"Think like an insect" to outwit cotton pests
“Conservational biocontrol that utilizes beneficial insects as a platform to support integrated pest management (IPM) on agricultural crops is what inspires me. In my opinion, to develop an effective and successful IPM program for agricultural crops, one needs to ‘think like an insect’ to outwit, outplay and outlast the pests. Synthetic insecticides should be used appropriately and as a last resort in IPM programs,” says Dr Robert Mensah.
Dr Mensah is a Senior Principal Research Scientist and Centre Director at NSWDPI’s Australian Cotton Research Institute (ACRI) with 30 years (26 in cotton research) in applied entomological research and development of integrated pest management (IPM) tools for use in cotton and other broad acre crops in Australia, Africa and Asia.
Dr Mensah has collaborated with agricultural companies in Australia and overseas to develop, register and commercialize new biological pesticide products (viz; beneficial insect food attractant sprays (Envirofeast®), spray oils, botanicals and fungal biopesticides) for use by farmers in IPM programs. For example, Dr Mensah’s research developed, registered and commercialized the first botanical product for sucking pests in Australia with all research undertaken at the Australian Cotton Research Institute in Narrabri. Funding input came from the Cotton Research and Development Corporation and commercial partners Innovate Agriculture Pty Ltd (a Wee Waa, NSW-based company). It’s estimated Dr Mensah’s findings on cotton pest management and pesticide innovation have been adopted by 80 per cent of the industry, saving the sector hundreds of millions of dollars and providing countless environmental gains. He is recognised globally as a leader in biologically friendly pesticides.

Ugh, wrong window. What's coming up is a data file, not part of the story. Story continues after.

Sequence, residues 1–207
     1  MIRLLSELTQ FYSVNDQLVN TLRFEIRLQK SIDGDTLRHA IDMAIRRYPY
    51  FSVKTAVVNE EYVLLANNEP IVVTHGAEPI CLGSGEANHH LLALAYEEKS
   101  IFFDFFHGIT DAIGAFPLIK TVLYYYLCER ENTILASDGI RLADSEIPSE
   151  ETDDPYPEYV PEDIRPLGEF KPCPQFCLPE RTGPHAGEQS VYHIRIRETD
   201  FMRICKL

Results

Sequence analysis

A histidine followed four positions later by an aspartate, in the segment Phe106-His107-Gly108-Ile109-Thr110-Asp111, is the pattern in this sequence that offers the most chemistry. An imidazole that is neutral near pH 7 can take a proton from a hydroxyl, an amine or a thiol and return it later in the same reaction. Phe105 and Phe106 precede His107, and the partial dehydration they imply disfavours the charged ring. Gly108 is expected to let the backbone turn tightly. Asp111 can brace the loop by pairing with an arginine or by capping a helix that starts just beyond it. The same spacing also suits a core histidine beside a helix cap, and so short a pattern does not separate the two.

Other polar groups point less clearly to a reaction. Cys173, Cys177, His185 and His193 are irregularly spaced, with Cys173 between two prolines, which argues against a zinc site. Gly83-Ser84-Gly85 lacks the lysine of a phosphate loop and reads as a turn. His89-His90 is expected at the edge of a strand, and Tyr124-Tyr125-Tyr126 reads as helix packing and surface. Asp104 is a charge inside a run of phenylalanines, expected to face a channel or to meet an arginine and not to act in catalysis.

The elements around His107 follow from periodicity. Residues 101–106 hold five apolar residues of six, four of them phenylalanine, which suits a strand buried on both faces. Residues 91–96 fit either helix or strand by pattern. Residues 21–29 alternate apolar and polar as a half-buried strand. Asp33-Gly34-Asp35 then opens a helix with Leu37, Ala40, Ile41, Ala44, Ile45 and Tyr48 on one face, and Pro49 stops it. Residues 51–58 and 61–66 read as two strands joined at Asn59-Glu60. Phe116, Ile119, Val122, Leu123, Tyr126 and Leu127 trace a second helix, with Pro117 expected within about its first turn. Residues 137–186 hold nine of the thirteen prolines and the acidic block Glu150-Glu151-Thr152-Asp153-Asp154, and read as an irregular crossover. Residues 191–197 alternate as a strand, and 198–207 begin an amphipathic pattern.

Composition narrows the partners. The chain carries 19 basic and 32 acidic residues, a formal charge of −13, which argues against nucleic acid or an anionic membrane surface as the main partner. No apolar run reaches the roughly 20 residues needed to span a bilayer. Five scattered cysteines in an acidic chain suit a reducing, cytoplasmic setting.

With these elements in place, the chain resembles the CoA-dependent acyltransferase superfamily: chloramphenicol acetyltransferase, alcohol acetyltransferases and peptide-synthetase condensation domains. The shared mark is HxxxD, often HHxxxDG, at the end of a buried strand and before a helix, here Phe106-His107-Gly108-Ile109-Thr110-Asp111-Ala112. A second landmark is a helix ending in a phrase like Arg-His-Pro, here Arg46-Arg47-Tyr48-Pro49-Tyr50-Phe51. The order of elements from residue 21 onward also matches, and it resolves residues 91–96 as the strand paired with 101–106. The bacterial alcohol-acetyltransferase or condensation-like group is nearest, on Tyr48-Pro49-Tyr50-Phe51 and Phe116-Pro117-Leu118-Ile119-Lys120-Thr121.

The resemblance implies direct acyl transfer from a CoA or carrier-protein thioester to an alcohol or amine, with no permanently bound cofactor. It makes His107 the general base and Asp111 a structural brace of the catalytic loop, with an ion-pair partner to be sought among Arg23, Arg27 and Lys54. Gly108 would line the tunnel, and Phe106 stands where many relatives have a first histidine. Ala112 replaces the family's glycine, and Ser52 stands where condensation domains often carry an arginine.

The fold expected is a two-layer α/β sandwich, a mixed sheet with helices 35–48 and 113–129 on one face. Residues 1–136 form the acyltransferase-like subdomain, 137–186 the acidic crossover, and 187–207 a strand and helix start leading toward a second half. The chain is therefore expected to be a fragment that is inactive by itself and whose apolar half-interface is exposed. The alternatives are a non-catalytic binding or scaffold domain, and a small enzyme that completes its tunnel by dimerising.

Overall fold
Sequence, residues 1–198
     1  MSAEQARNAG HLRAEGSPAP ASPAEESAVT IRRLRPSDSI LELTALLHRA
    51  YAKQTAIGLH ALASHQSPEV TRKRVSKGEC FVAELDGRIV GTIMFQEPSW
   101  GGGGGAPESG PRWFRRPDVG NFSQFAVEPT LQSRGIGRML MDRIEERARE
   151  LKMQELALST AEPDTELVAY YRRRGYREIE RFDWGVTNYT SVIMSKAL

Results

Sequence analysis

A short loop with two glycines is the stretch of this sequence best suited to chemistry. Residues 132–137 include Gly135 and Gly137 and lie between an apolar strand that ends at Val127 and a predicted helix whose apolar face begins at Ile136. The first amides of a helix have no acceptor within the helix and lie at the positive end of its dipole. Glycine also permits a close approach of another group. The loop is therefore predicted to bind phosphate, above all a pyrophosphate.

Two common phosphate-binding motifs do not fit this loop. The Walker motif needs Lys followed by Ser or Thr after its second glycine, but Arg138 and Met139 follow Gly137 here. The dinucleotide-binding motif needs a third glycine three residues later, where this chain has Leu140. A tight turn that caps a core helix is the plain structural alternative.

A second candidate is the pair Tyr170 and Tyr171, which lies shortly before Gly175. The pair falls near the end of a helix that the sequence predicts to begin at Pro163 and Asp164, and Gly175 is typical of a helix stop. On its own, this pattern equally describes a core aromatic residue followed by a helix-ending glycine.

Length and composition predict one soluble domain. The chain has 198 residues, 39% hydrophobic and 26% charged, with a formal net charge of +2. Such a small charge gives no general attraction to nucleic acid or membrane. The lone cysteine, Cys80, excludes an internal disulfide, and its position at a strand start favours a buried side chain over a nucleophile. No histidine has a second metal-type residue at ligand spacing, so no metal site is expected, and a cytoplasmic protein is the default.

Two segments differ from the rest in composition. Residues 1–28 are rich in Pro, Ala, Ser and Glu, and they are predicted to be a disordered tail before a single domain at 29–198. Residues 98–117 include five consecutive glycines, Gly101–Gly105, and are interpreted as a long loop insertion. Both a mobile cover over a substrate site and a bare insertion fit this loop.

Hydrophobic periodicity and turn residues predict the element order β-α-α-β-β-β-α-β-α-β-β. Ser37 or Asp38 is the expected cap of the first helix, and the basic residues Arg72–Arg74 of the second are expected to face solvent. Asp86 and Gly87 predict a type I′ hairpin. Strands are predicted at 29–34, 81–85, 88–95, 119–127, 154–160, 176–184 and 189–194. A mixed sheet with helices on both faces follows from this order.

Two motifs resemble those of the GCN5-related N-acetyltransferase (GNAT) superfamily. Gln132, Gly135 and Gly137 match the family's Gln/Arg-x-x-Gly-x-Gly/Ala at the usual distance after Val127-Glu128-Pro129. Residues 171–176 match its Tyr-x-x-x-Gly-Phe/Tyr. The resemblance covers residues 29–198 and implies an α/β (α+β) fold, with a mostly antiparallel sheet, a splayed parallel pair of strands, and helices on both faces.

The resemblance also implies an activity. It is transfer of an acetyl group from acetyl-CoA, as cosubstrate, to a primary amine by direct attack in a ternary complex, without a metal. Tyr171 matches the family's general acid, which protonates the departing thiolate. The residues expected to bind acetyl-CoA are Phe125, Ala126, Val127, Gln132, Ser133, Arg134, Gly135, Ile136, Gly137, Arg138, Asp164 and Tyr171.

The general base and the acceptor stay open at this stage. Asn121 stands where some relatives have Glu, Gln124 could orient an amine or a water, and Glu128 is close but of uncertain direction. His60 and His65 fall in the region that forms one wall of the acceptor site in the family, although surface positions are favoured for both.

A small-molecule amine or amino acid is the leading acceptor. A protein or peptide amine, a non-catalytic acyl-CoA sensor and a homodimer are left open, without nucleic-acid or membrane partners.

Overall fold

His research has contributed to improving the sustainability and economic viability of the Australian cotton industry. He was the Australian Cotton Industry Researcher of the Year in 1997 and in 2018 was awarded the Public Service Medal in the Queen’s Birthday Honours list. He won a Churchill Fellowship in 2002, was nominated for the 2009 CSIRO Eureka Prize for Leadership in Science, and in 2015 was the Australian Cotton Industry nominee to the International Cotton Advisory Council's World Cotton Researcher of the Year.
He’s had 90 journal articles refereed, supervised 12 PhD student thesis, produced 12 confidential patent articles, 35 international Mission Reports, and 89 grower articles.
Dr Mensah is currently a Global IPM Technical Specialist and manages IPM projects in cotton and vegetables in Ethiopia and Benin